Lately there has been a lot of press coverage on Bitcoins and digital currencies. As a result, Bitcoins have been gaining in popularity as a legal means of exchange. This raises the question of what the tax consequences will be for individuals who use Bitcoins to buy and sell goods as well as individuals who buy and sell them as a commodity.
Even though the currency is not controlled by any central banks or country, according to the CRA the same tax implications apply to digital currencies as would for any other currency (ex. US dollars).
What this means is that if a business is paid for its services in Bitcoins, the rules for barter transactions will apply.
A barter transaction is defined as a transaction occurring between any two persons who agree to exchange goods or services and carry out that exchange without using legal currency.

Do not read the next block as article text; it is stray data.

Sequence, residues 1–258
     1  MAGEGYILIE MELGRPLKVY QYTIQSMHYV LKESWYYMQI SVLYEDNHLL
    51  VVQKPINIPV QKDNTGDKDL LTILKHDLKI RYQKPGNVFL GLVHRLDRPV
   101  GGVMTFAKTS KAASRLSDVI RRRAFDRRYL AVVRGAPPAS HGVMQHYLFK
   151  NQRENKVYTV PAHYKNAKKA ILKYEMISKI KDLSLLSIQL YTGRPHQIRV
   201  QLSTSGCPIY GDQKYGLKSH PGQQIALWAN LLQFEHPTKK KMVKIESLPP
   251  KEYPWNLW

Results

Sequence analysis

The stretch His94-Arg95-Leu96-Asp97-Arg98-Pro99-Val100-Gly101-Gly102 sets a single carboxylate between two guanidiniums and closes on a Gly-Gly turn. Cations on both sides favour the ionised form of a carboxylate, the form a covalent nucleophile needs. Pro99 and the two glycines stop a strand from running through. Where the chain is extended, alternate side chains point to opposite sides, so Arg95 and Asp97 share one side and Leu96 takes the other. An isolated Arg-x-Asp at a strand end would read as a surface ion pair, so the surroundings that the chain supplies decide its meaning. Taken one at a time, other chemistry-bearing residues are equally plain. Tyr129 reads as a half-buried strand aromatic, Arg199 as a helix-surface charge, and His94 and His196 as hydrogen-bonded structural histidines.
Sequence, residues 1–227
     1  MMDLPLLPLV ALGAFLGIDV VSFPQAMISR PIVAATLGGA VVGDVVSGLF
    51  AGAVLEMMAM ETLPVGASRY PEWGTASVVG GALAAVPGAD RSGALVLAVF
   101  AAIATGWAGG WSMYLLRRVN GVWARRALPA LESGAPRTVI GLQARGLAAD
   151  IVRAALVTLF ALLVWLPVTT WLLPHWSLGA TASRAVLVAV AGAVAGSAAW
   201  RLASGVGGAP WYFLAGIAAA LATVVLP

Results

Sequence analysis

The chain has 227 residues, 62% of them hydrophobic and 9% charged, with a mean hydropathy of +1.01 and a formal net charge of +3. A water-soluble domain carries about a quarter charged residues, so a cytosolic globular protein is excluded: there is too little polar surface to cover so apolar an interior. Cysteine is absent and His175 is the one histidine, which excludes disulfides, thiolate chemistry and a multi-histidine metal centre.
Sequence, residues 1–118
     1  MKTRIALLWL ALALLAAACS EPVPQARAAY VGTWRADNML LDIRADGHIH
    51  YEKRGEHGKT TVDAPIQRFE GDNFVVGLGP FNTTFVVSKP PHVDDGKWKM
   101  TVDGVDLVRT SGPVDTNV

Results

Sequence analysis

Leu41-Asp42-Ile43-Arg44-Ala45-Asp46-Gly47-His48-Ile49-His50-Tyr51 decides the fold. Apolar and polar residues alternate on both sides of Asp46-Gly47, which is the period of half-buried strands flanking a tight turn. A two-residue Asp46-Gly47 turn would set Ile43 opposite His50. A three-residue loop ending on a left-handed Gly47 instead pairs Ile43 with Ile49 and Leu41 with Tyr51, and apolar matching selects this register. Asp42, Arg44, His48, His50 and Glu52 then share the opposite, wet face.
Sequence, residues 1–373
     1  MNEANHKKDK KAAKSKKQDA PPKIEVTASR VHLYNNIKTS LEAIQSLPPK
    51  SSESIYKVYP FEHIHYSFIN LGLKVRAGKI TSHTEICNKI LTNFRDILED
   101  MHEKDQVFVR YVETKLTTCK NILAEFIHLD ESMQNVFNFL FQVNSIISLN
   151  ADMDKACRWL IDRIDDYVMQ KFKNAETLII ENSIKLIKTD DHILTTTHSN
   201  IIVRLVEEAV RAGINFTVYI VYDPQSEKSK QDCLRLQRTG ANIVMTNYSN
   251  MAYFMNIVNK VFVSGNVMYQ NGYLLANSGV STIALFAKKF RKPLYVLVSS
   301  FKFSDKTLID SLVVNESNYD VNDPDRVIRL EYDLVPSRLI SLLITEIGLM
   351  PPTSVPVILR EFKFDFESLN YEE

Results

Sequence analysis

For example, if a business is paid for its product or services in Bitcoins it would be required to include the Canadian value of the Bitcoins received in its income for tax purposes.
In addition, since Bitcoins can be bought and sold like any other commodity, if a taxpayer buys and sells Bitcoins any resulting gains losses from the purchase and sale of Bitcoins would be taxable to the taxpayer.
The information contained in this article is for general use only and should not be viewed as professional advice. Accounting and tax rules and regulations regularly change and individuals should contact a competent professional to obtain accounting and tax advice based on their specific situation.